During the 10th grade, the program is virtually identical for all students, whether they are in the academic or the vocational program. The Japanese student faces a demanding course of study in the required core subjects of Japanese language, mathematics, science, English, and social studies.

All first year students study "Japanese Language I" "Contemporary Society," "Mathematics I," "Science I," "Art," "Physical Education," and "Health." [13] They also take a course in the arts (painting, music, calligraphy, etc.) and English as an "elective."

"Japanese I" provides continued practice in reading contemporary literature and composition. Students study some classical Japanese and Chinese literature, as well as archaic language and literary forms.

"Contemporary Society" is a survey of contemporary national and international issues and problems, with an emphasis on politics, economics, and personal ethics.

"Mathematics I" includes further work with the quadratic formula and higher order equations, graphing of quadratic equations, introductory trigonometry, complex numbers, sets, and algebraic proofs.

"Science I" covers laws of transformation and conservation of energy, basic chemistry and computation of chemical formulas, embryonic development, evolution, and Mendelian laws.

Many students have difficulty with the content and pace of the curriculum. Some fall far behind and lose interest. In one recent survey students were asked what kind of school they would like to attend. The overwhelming majority selected the response "0ne with lessons which are easier to understand." [14]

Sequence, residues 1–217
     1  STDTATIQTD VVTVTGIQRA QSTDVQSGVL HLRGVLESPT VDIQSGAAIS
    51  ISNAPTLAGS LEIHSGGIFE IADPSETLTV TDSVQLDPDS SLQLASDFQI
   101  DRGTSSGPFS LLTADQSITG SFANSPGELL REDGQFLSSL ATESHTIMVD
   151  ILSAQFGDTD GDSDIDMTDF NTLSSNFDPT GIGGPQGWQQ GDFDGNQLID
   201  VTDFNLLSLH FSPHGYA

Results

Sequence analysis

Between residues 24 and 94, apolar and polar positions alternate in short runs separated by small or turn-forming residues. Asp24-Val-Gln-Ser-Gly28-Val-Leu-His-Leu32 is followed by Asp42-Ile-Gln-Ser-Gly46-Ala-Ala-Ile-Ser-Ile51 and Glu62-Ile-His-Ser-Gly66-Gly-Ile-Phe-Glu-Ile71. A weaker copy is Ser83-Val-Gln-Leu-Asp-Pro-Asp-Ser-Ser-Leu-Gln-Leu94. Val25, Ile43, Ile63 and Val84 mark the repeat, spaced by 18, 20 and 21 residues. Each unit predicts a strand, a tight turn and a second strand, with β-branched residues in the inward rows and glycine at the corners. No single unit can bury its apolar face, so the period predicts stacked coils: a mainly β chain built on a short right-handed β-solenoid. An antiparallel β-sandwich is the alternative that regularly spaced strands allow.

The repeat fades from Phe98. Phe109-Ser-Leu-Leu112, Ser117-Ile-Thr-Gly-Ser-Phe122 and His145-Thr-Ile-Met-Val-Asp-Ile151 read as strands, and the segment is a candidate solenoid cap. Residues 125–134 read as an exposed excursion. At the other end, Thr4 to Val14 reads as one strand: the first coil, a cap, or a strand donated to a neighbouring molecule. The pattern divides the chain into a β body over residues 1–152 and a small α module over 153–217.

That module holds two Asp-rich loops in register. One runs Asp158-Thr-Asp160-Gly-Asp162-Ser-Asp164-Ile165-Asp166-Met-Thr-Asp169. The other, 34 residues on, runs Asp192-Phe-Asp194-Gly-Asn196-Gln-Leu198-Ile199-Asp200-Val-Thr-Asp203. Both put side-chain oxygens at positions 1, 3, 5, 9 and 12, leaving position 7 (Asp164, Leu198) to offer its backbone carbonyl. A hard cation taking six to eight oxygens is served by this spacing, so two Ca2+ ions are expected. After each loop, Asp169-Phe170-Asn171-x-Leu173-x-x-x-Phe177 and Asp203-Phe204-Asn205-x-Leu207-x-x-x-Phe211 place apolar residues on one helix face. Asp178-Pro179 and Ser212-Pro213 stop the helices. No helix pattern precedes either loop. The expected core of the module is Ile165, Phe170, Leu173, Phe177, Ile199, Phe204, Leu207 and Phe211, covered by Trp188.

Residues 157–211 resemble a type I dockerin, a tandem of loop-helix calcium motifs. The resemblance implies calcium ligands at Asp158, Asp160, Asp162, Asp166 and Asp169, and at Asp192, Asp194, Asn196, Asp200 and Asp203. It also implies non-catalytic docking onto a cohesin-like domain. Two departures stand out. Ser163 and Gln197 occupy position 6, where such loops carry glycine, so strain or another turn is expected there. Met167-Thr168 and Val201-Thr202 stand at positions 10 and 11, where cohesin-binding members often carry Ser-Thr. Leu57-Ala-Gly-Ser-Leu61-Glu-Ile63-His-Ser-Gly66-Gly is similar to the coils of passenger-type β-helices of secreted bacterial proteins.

FIRST YEAR

All Students

Weekly Hours

Japanese I
Contemporary Society
Mathematics I
Science I
English I
Physical Education and
    Home economics*
Health
Music or Calligraphy
Homeroom
Club activities
 
Total class hours per week

5
4
6
4
6
 
4
1
2
1
1
 
34

 

*Boys take 4 hours of physical education and girls take 2 hours and 2 hours of home economics.

SECOND YEAR

Literature Majors

Weekly
Hours

Weekly
Hours

Science Majors

Japanese II
Classical Literature
Japanese History
World History
Basic Mathematical
    Analysis
Biology or Chemistry
English
 
Physical Education &   Home economics*
Health
Music or Calligraphy
Homeroom
Club activities
 
Total class hours per week

5
2
2
3
 
3
3
7
 
 
4
1
2
1
1
 
 
34

4
 
3
3
 
3
4
4
5
 
4
1
1
1
1
 
 
34

Japanese II
Japanese History
    or World History
Algebra & Geometry
Basic Mathematical Analysis
Physics
Chemistry
English
Physical Education &   Home economics*
Health
Music or Calligraphy
Homeroom
Club activities
 
Total class hours per week

 

*Boys take 4 hours of physical education and girls take 2 hours and 2 hours of home economics.

THIRD YEAR

Literature Majors

Weekly
Hours

Weekly
Hours

Science Majors

Modern Literature
Classical Literature
Japanese History
World History
Ethics or Politics
 
Basic Mathematical
  Analysis
Biology or Chemistry
English
Physical Education
Homeroom
Club activities
 
Total class hours per week

4
4
3
3
3
 
 
2
2
8
3
1
1
 
34

3
 
2
 
5
 
5
4
4
6
3
1
1
 
34

Modern Literature
Japanese History
  or World History
Integral and Differential
  Calculus
Probability and
  Statistics
Physics
Chemistry
English
Physical Education
Homeroom
Club activities
 
Total class hours per week

The Japanese high school student does not assemble an individual class schedule from a large menu of possible electives. Extras such as driver education, drama, or psychology are not offered.